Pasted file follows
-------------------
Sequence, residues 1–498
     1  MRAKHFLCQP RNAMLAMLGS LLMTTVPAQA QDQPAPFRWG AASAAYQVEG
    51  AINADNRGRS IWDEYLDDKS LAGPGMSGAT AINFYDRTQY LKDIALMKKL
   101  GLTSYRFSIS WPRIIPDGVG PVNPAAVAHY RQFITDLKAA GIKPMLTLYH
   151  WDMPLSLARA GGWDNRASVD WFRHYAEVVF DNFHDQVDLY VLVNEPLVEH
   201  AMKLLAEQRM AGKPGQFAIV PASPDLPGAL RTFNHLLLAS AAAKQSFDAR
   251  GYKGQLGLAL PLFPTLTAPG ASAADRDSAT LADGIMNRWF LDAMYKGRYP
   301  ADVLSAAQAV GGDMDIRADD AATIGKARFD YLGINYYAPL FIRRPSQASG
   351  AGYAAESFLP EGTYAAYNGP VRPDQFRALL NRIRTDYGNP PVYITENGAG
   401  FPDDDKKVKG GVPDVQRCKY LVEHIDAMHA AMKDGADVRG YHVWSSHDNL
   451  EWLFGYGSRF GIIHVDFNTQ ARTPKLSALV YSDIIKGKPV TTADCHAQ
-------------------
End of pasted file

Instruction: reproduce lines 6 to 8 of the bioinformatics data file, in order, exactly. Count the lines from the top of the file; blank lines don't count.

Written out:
   201  AMKLLAEQRM AGKPGQFAIV PASPDLPGAL RTFNHLLLAS AAAKQSFDAR
   251  GYKGQLGLAL PLFPTLTAPG ASAADRDSAT LADGIMNRWF LDAMYKGRYP
   301  ADVLSAAQAV GGDMDIRADD AATIGKARFD YLGINYYAPL FIRRPSQASG